14 November 2004

Hot Stove Rumblings...

The New York Daily News- a dubious source at best- is reporting that the Sammy Sosa-to-Mets deal is starting to get some legs. Here is a quick exerpt from Roger Rubin & T.J. Quinn's article:

The Players Association appears ready to permit Sosa to negate the part of his contract that has been slowing the deal down.
There is a provision in Sosa's current deal that would add $18 million to his price tag if he is involved in a trade. But because Sosa wants out of Chicago, and because the additional money is not guaranteed, the union could be prepared to allow Sosa to remove the provision from his deal.

Inquiries to the union have been made by Sosa's agent, Adam Katz, and not by the Mets, according to a club source.


This seems to be a bit of a lateral move personell-wise to me: reports have it that the Cubs would get back Cliff Floyd in the deal. Ultimately though, the teams would each get a big off-the-field boost (however counterproductive it may ultimately be): Chicago will get out from under Sosa's contract and deal a guy they're begging to get rid of (and, according to the above article, the feeling's mutual). They get a guy who, if healthy, can certainly replicate Sosa's 2004 campaign. Minaya gets his "Isaiah-Thomas-requisite-new-NYC-GM-big-splash-move." Bring one of the biggest Dominican athletes in history to New York. They'd love him here.

That being said, there are certainly downsides. Sammy had a serious decline year in one of baseball's most home run friendly parks. He'd be moving to one of baseball's not home run friendly parks, and would conceivably be continually deteriorating with age (and a lack of another substance possibly?) while cash-draining the Mets into another third/ fourth place finish.

The Cubs would get a guy in Cliff Floyd who's put together exactly two healthy years in 12 (2001 and 2002) and who makes 7 million through 2006. Not awful, but not insuring when you consider how often he's hurt. If he was healthy though, he'd probably hit a ton at Wrigley.

In a more minor move, Theo Epstein picked up lefty reliever Billy Traber off waivers about three days ago, getting a young lefty for nothing. A low risk move that could pay off with some patience, Traber has been hurt early, but he had a fantastic minor league career with good control and a decent K-rate. From a snippet in the Boston Globe, by Good Ol' Gordon Edes:

This one didn't get past Epstein

Give Epstein high marks for plucking lefty Billy Traber off waivers from the Cleveland Indians. Traber was a No. 1 pick of the Mets (16th overall, 2000) who went to the Indians in the Robbie Alomar deal and was promoted to the big leagues in 2003 when a history of elbow problems caught up with him. Traber underwent Tommy John reconstruction surgery, but Epstein is predicting that he will be fully recovered by spring training, and he could prove to be a major sleeper. Indians GM Mark Shapiro told reporters he hoped to sneak Traber through waivers instead of putting him on the 40-man roster.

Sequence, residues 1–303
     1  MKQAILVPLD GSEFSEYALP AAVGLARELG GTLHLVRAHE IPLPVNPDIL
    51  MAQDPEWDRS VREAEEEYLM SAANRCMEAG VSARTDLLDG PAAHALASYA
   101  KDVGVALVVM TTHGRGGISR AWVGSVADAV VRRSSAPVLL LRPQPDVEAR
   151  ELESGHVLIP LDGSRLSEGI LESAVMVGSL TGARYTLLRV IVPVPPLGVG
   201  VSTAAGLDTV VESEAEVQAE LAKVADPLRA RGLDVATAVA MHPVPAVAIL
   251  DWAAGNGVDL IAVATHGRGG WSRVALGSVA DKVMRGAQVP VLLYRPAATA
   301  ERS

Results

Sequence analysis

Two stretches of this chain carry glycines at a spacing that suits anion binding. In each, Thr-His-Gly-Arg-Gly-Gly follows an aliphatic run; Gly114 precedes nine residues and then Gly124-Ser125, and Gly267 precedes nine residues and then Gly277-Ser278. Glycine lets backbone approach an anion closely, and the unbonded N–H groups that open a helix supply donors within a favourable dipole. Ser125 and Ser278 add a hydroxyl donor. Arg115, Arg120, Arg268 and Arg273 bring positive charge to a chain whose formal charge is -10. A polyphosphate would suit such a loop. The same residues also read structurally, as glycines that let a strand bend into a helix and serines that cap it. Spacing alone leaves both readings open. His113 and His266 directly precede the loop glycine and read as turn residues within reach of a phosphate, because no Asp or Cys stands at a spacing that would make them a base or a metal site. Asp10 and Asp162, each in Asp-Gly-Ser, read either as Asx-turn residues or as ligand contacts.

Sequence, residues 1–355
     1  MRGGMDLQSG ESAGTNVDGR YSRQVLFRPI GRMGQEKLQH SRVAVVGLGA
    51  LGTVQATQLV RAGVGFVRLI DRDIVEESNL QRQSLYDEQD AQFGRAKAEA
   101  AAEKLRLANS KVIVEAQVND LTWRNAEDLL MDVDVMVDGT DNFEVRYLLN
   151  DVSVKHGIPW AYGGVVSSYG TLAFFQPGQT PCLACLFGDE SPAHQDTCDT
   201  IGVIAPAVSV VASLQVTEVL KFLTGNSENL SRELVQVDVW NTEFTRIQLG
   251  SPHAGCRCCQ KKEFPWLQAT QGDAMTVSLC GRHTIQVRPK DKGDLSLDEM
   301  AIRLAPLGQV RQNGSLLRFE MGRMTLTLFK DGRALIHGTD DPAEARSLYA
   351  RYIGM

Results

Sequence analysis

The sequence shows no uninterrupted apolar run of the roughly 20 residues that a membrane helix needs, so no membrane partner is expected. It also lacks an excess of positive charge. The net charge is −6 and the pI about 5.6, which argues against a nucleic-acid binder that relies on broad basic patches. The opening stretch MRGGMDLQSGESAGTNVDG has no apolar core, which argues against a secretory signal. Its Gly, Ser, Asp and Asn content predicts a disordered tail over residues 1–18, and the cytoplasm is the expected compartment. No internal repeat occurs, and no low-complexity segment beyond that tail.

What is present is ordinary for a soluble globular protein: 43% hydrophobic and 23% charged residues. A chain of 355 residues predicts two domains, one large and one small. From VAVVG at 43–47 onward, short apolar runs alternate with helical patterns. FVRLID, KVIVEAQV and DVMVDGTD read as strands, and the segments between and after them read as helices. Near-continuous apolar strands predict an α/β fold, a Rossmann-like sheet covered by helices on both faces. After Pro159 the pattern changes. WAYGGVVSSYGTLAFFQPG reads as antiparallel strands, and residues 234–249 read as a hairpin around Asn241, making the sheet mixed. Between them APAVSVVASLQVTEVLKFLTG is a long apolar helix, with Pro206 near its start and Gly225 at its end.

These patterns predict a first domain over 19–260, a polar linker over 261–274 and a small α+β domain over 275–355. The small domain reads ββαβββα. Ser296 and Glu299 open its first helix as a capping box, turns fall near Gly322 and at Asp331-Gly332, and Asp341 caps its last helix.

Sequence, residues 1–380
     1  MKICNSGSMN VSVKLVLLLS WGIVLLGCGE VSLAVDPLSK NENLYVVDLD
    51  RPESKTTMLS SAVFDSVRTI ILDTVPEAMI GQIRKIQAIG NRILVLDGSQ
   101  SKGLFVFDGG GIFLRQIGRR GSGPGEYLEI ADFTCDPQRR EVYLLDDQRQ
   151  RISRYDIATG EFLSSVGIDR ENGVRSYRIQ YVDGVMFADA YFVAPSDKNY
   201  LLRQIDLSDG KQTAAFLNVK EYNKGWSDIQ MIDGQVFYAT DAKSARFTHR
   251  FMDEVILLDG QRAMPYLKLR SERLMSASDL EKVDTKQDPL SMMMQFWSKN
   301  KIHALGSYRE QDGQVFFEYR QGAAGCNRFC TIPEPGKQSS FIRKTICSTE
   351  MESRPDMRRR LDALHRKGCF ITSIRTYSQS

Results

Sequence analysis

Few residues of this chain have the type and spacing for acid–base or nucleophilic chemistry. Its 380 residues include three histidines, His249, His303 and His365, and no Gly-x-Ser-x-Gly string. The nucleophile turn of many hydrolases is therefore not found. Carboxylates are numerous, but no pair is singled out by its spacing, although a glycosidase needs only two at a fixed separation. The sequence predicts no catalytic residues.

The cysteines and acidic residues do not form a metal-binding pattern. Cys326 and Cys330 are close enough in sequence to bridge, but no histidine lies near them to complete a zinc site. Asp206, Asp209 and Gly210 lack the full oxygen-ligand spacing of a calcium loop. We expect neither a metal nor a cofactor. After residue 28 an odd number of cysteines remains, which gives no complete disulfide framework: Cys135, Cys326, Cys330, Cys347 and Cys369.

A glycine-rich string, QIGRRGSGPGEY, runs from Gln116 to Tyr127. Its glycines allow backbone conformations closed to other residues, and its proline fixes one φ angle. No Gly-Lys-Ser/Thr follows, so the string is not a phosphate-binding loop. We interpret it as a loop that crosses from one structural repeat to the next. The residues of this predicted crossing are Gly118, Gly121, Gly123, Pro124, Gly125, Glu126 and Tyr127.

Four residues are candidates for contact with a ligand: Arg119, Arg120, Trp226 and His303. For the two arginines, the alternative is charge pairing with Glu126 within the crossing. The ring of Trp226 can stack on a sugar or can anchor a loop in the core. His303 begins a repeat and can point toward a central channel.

God dammit I love our GM.

Speaking of the Sox, the Globe has a great page discussing the "Buzz" on a number of Red Sox and MLB free agents. Updated often, it has current info. For instance-

Troy Glaus

According to the Boston Herald, the Red Sox might be interested in Glaus, particularly if they fail to re-sign Jason Varitek and have to replace him with a less offensive-minded catcher. With third baseman Bill Mueller already under contract for 2005, the Sox would either have to move Mueller or trade him. ``Certainly I would say with regards to the criteria that are important to him, Boston fulfills those criteria,'' Glaus' agent told the Boston Herald. According to the Herald, "Glaus' wife is an equestrian rider who competes up and down the East Coast during the summer, said his agent, so moving to this side of the country is quite doable. Glaus has played in Southern California all his life and is open to seeing some new sights. Glaus would also be willing to play first base if the situation were right, if the Red Sox found a way to move both Kevin Millar and Doug Mientkiewicz." ... "He would prefer third base, but if a situation comes up where all other things considered he is content and they wanted him to play first base, he is not going to shut the door,'' his agent said.